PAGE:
Posted: February 18th 2017

It's a question I've encountered loads of times…

 

"What if you don't make it?"

 

I remember my childhood hero, Shaun Chapple, mixing cement

outside his house opposite mine. Shaun was a Swans youth player

at the time, so I asked my old man Buzz " What's Shaun doing

Dad?"

 

"Ronnie (Shaun's Dad) is teaching him a lesson son."

 

"What lesson is that Dad?" I said.

 

"He may need something to fall back on if he doesn't make it.

Ronnie's a bricklayer, so he's probably teaching Shaun another

skill he can use to get work"

 

Ah right, I thought.

 

Funnily enough. I ended up working for about 6 months as a

Bricklayers’ labourer myself. Mixing cement for Buzz's two

mates 'Zagalo' (named after the great Brazilian player and

Coach) and Walter.

 

(The boys on the site called them 'The Hillbillies')

 

ANYWAY.. although the 'Hillbillies' were great, the job of mixing

cement and stacking bricks bored me senseless.

 

It helped me realise I wanted to do something that excited

me - coaching!

 

But for the young player making his way in the game...

 

It can be harder than the choice I had - boredom or excitement.

 

For them, it can be the other way around...

 

Excitement v boredom.

 

AKA - Football v school / job other than Football?

 

And what gets missed, in my opinion, is that it doesn't have to

be a career choice between 'burning your ships' so it's do or die,

or half-heartedly ‘hedging your bets’ in case the worse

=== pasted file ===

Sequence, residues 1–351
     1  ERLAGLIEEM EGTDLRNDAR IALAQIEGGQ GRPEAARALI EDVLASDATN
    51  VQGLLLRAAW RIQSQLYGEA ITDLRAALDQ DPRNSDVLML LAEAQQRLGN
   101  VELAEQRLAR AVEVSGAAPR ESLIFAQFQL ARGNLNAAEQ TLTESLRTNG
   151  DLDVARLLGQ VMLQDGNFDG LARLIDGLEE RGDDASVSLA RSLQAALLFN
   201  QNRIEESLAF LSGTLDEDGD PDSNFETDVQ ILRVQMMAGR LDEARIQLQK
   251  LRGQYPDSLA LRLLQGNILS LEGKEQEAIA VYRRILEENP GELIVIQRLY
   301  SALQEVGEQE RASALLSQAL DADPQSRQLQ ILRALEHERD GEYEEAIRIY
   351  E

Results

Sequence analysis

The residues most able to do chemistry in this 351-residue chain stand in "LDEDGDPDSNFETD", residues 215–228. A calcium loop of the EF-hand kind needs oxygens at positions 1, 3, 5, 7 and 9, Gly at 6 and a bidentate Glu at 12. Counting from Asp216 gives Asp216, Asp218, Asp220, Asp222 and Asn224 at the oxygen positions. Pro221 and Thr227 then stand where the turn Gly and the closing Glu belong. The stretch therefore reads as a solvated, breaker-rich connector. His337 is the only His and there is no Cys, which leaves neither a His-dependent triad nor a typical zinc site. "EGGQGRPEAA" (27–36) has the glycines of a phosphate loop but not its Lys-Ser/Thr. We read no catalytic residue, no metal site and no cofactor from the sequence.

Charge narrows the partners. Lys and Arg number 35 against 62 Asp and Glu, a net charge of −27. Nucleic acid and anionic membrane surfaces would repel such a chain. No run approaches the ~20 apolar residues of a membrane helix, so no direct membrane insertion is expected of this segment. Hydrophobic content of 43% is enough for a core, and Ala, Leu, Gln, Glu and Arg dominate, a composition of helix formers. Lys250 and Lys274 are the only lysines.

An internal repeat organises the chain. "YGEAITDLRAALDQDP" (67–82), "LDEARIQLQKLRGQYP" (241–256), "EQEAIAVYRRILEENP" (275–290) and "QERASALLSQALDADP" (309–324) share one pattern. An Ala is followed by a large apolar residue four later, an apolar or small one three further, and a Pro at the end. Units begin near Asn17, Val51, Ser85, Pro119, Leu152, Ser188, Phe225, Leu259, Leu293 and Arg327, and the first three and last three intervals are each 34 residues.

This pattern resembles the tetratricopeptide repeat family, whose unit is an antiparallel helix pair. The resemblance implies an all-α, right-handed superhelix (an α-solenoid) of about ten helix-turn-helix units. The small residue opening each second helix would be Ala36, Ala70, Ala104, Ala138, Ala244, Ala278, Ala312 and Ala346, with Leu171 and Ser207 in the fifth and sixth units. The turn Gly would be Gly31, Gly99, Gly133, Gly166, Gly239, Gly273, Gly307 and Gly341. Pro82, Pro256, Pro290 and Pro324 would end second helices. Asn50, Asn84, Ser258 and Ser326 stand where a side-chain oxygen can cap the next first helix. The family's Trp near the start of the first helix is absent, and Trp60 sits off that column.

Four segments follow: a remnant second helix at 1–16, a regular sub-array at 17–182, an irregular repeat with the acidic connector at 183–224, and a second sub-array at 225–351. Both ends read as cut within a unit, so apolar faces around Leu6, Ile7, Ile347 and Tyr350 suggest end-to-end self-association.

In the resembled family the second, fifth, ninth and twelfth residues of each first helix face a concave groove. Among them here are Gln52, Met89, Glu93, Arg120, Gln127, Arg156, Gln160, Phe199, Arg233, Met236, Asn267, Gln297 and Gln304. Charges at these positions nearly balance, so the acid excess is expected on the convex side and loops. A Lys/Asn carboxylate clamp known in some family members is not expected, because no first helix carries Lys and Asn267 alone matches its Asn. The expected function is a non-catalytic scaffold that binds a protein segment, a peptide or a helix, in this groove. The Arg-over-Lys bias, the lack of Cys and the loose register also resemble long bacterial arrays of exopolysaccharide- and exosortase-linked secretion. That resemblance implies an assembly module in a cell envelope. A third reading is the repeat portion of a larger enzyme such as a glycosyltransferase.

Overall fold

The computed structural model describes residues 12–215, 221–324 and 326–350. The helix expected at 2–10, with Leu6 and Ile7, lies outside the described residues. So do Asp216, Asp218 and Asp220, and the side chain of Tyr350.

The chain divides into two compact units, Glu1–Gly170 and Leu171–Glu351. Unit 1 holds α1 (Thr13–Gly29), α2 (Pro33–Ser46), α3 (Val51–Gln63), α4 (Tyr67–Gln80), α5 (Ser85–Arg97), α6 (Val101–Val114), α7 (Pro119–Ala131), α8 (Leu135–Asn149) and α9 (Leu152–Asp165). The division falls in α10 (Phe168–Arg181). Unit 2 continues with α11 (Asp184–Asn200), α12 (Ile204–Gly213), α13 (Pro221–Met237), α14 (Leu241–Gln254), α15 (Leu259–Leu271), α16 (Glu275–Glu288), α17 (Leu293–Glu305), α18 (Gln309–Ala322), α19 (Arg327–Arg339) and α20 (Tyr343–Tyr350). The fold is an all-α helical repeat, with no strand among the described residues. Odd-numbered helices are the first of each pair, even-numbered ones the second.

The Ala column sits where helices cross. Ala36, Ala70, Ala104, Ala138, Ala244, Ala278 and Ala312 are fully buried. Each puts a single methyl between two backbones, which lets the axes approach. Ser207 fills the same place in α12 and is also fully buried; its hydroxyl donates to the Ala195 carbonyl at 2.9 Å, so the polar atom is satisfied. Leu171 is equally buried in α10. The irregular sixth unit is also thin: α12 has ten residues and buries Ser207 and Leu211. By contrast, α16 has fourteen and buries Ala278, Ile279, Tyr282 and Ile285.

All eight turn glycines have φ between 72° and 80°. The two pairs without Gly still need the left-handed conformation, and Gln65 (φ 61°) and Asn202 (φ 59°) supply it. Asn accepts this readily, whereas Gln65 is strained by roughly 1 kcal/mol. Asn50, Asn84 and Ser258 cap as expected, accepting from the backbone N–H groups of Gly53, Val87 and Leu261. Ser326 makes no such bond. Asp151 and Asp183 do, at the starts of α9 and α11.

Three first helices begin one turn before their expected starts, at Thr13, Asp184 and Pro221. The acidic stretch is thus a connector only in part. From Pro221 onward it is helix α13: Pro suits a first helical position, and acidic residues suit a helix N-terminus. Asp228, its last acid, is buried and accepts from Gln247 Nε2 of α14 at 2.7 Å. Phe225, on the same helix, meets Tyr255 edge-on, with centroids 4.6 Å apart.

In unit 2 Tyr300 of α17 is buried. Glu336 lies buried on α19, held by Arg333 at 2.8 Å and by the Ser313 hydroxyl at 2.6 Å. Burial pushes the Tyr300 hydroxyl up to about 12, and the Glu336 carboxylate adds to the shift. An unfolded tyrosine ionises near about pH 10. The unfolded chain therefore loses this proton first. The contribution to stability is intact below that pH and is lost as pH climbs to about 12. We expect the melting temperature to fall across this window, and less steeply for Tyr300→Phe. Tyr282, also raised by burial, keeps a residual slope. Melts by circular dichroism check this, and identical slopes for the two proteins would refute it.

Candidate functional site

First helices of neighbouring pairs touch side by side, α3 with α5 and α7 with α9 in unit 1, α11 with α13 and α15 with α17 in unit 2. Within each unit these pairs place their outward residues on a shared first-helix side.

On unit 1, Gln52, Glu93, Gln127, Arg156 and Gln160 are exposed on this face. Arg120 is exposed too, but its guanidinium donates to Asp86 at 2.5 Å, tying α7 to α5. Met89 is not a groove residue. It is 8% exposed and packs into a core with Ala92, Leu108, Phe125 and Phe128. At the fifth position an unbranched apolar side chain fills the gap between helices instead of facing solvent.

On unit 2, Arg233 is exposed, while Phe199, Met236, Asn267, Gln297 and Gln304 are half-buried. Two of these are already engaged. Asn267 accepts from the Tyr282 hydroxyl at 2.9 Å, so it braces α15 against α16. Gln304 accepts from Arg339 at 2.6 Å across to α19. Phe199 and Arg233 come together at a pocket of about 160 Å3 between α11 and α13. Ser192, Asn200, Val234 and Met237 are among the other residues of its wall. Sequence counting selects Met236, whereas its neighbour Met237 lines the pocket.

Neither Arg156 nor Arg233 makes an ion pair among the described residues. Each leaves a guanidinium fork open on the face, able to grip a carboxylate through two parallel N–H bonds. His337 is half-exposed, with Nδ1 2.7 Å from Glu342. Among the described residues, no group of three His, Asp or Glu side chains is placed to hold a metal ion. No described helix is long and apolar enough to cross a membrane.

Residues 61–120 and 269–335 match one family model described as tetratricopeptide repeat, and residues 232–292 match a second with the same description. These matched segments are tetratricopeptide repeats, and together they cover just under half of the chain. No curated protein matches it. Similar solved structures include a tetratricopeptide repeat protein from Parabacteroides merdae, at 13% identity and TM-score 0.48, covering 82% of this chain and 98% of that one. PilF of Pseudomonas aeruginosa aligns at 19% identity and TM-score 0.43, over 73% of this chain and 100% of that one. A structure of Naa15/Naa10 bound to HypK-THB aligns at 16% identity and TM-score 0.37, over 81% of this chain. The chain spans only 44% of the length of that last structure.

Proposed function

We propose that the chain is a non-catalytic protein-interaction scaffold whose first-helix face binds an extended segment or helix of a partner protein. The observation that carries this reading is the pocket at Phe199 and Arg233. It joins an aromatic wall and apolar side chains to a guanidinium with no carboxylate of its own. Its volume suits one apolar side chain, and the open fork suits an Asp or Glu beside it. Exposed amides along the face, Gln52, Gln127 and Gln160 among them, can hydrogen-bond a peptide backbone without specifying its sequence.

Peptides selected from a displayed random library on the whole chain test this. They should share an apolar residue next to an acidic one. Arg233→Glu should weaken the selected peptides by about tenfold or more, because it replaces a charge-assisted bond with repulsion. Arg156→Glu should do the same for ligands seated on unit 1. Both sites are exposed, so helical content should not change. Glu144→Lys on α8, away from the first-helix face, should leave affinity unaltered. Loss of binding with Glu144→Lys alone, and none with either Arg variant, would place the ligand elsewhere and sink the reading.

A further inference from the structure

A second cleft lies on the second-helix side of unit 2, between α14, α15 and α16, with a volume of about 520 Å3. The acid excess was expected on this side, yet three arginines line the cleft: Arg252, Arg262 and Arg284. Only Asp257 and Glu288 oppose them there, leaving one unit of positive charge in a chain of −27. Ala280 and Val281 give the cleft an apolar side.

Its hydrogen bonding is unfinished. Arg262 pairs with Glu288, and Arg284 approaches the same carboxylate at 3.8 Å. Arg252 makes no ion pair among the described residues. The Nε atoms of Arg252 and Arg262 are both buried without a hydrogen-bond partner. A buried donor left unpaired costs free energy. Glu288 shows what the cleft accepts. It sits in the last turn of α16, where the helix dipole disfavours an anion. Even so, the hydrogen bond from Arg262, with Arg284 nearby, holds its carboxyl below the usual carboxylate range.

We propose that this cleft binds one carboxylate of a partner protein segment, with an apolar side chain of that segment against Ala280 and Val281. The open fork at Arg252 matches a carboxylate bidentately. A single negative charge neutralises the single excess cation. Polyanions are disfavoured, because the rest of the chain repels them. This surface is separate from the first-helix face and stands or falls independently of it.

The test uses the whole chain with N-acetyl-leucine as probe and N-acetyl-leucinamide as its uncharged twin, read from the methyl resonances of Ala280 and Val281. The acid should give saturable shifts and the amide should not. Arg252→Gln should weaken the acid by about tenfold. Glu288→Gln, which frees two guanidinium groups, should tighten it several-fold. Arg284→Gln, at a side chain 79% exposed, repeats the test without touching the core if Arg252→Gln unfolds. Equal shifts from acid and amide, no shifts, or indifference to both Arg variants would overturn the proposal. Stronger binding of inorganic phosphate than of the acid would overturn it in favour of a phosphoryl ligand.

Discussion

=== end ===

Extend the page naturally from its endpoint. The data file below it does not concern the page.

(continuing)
happens.

 

It’s a crying shame because there’s a big wide world out there

FULL of possibilities for EVERY wannabe player.

 

And here’s the big ‘lightbulb moment’ I want ALL aspiring players to

have…

 

Developing yourself on the pitch, can help you play better ON it.

 

How?

 

Here’s the BIG secret…

 

Ready?

 

SKILLS are transferable.

 

As one of my mentors said “Everything is an example of something

else”

 

The brain is a pattern-recognition device that allows you to take

‘patterns’ from one context and apply them in another.

 

“Football is a game which requires players to solve problems

quickly. If a boy is studying maths, he has to problem solve. If he

gets better at doing that in the classroom, we believe he’ll be better

at doing it on the pitch.”

 

Said Matt Hale, Director of Southampton FC’s industry-leading

Academy, said in a recent 4-4-2 magazine interview.

 

Brilliant. A Club that truly ‘gets it’.

 

That doesn’t mean every players needs to be an academic genius.

 

It’s not just Maths, but a whole host of transferrable life skills we’re

talking about here.

 

· Planning

· Managing Time

· Managing emotions

· Communication Skills

· Decision-making (under pressure)

· Know How To Look After Your Body

 

You need all of these, and a few more, to be successful both on

and off the pitch (in any walk of life). And especially in the modern world

 

Yet few young players are developing them.

And THAT’s why they find themselves in a sink-or-swim scenario.

Not because ‘the chances of making it are slim’.

Have a great weekend

Frankie

PS - I want to be clear on this because I don't want anyone getting

the wrong end of the stick:

 

If you want to be the absolute best you can be at anything, you

need to devote yourself to it...whether that is Football or anything

in life.

 

A lot of families of aspiring players struggle juggling the demands

of Football and 'other important things' in life. It's not always easy, that's

for sure. Here's something to think about though...

 

Roberto Martinez said studying for a degree while training full-time

In Football allowed him to switch off completely from one to the other,

Which he found helpful. Rugby players are much more into this 'culture'

 

And even the Football-obsessed ‘Fergie’ had his distractions…

Racehorses!

 

Imagine the difference in Paul Gascoigne (AKA Gazza) if he could

have found more 'healthy distractions' outside Football?

 

Some players require more stimulation…therefore balancing other

interests with Football can work great. They can even feed each other.